Below is the transcript of a CNBC Exclusive interview with Lebanese Prime Minister Saad Hariri. The interview was first broadcast on CNBC's Squawk Box Asia on 4 September 2019. If you choose to use anything, please attribute to CNBC and Hadley Gamble.
Hadley Gamble: Your excellency, thank you so much for joining CNBC. I want to kick off by asking you about Lebanese economy today, you have a very high debt to GDP ratio, around 150 % and you've now said that the country is in an economic emergency, is this an economy that's on the verge of collapse?
SAAD HARIRI: Look, we understand that we have a problem and we know what the problem is and we need to fix that problem. And we have started fixing it from the budget of 2019. The problem is the fiscal deficit problem that we have had in the past years. We had a lot of talks with a lot of institutions, financial institutions, especially the IMF, and all of them are giving us advices on how to move ahead. Our strategy is to stabilize the problem that we have. Most important thing is not to deteriorate more, right? So what we are doing is, fixing our debt to GDP, our deficit and the budget to 7.6% this year, we want to go down to 7% next year, or maybe a little bit less. And then, you know, continue on stabilizing this deficit. At the same time we are building the platform of new laws. Of the PP law that involves a relation between private sector and public sector, we want to go on privatization fully uncertain areas and this is what we are preparing. Electricity is one of our biggest problems. And we passed a strategy for the electricity by mid-or end of September the RFE will be ready, it's being worked with the IFC and the World Bank and our ministry and we launched the base. In the beginning of the year we should have a winner and the work starts on the electricity. The problem that we have, and yesterday we had a meeting at the presidential palace, where we put certain criteria that we have to reach within the coming 3 years. This is what we are trying to do. I understand that we have a problem but I am extremely confident that we can get out of this problem if we follow through all the steps we put in front of us.
HADLEY: Ok, so when you declare an economic emergency, generally the rule is that you call the IMF, you bring in the cavalry. Do you have any plans to do that?
SAAD HARIRI: We look, we had the IMF here, had long talks with the IMF, the IMF told us what we need to do. We didn't go into a program because we feel the procedures and the reforms we are going to do are the same things the IMF are advising us to do.
HADLEY: Wouldn't you want them on board?
SAAD HARIRI: I think the IMF has certain criteria that we cannot, especially when it comes to the Lebanese pound. This is something that we have extreme sensitivity on, you know. IMF wants a free you know Lebanese pound where people let the market decide what kind of Lebanese pound we have. We believe in the government and in the ministry of finance, also the central bank, we believe that keeping the Lebanese pound at 1,500 is the only stable way to move forward with these reforms. That's the only difference we have with the IMF. I think today why do we need a program, if you have a CEDRE also program also next to it that allows you to invest in the infrastructure to prepare the country on the growth path. What we need to do is the structural reforms and the financial reforms that stabilizes the country and that will build the platform to start investing in the country. And we have so many projects that are you know, extremely available for any investor in the world to come and invest. Today if you look at the airport, if you look at the ports, if you look at the telecommunication, if you look at the oil and gas which is you know, the first round Eni and Total and Novatek came to build. But this round you have a lot of companies, international companies who would love to come, you have the Qataris, we have the Malaysians, we have the Omani, the French, the Italians, maybe American companies are coming to invest in our oil and gas so we are doing the reforms we need to do to stabilize the downfall we are going through and once we stabilize it then we can see, you know that going back up. But it is a difficult moment for Lebanon but realizing it is difficult and the political consensus that we have around this. This is what's important. What's – if you want to go through an IMF program and we don't have political consensus we will never reach the numbers, but if you have a political consensus on reforms, all of them are advising you to go through, especially S&P or the IMF or the Fitch, or Moody's they tell you what you need to do in the country and we are doing it, then why go to the IMF?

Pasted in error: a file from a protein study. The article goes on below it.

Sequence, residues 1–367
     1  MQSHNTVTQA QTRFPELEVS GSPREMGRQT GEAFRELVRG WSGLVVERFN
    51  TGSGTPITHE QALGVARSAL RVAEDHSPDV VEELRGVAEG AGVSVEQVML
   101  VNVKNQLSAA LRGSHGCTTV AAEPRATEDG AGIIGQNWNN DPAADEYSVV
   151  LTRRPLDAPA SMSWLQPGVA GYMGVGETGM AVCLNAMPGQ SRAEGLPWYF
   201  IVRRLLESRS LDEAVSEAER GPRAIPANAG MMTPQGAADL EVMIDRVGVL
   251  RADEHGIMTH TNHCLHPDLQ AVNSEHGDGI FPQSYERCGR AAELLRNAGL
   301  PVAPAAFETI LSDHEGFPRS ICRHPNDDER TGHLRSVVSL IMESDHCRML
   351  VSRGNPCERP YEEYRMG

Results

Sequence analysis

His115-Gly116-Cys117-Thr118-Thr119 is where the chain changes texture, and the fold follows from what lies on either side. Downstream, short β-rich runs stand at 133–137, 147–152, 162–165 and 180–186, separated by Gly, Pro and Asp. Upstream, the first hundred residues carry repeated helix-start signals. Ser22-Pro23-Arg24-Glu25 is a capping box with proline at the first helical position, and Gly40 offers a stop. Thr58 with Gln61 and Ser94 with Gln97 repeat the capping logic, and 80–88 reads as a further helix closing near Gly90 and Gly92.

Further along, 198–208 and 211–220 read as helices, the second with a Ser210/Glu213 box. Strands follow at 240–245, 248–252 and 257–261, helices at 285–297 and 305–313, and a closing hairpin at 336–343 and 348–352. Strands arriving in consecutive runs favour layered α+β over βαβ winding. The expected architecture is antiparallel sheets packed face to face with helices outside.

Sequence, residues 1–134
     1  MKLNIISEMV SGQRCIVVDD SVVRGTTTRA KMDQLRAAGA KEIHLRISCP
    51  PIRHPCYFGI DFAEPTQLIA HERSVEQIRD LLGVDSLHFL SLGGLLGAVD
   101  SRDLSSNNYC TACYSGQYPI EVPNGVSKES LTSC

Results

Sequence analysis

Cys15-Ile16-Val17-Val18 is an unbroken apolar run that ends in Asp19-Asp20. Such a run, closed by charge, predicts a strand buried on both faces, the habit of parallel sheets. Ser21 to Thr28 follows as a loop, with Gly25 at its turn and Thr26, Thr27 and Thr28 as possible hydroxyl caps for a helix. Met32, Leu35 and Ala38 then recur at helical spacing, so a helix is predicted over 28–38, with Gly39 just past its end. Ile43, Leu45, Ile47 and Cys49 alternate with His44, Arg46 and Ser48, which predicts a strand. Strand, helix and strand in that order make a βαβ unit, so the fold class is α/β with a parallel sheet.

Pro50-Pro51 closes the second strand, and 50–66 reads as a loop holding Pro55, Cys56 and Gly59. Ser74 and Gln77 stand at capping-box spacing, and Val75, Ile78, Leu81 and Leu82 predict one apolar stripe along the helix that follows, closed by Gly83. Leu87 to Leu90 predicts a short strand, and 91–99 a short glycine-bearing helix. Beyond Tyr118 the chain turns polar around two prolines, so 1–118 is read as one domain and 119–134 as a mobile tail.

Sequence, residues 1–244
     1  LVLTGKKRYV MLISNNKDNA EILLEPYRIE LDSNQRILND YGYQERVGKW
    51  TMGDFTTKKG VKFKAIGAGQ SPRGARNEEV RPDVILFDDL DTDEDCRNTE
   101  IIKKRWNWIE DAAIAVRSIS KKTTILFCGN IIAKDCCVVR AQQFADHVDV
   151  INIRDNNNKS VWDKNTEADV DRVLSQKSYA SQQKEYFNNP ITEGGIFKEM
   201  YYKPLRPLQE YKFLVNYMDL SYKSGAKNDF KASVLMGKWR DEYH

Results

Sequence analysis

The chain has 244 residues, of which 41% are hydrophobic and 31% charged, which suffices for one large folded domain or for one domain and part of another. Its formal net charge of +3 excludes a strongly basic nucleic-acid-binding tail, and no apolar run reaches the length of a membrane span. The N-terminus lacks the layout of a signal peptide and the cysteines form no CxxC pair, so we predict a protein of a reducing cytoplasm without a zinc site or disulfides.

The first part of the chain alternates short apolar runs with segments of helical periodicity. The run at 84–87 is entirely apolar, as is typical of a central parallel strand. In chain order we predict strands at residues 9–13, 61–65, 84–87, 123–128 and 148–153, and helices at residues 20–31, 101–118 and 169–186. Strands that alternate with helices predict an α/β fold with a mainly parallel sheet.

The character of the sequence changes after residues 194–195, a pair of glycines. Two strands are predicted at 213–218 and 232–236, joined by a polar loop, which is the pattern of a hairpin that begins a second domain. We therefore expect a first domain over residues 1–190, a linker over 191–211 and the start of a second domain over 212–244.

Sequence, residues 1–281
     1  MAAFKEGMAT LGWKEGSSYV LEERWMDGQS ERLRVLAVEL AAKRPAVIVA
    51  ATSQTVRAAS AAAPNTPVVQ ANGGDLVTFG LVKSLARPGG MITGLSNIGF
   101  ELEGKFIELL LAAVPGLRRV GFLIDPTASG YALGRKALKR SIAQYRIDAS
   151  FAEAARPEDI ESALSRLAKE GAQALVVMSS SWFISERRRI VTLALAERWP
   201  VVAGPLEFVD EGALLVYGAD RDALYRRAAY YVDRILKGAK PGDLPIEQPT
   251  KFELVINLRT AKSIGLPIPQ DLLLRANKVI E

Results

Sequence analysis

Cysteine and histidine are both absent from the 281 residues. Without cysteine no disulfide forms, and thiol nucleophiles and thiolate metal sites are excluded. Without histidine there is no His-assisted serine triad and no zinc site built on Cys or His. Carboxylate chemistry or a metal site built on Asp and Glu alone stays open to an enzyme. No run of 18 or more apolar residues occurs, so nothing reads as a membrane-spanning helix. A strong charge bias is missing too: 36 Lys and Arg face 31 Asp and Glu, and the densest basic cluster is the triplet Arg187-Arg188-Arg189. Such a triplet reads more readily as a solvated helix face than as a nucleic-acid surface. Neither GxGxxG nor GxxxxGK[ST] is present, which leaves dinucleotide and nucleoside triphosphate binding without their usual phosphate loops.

HADLEY: It's tough though, isn't it. At the end of the day you have to convince the private sector. You can keep that peg as long as you want and Riad Salameh has done an excellent job engineering that to make it a reality, but at the end of the day you can't legislate growth, and you gotta get the private sector on board…
SAAD HARIRI: Absolutely… that's what…
HADLEY: ...And a lot of people in the private sector though, are very concerned about what's been happening with the central bank…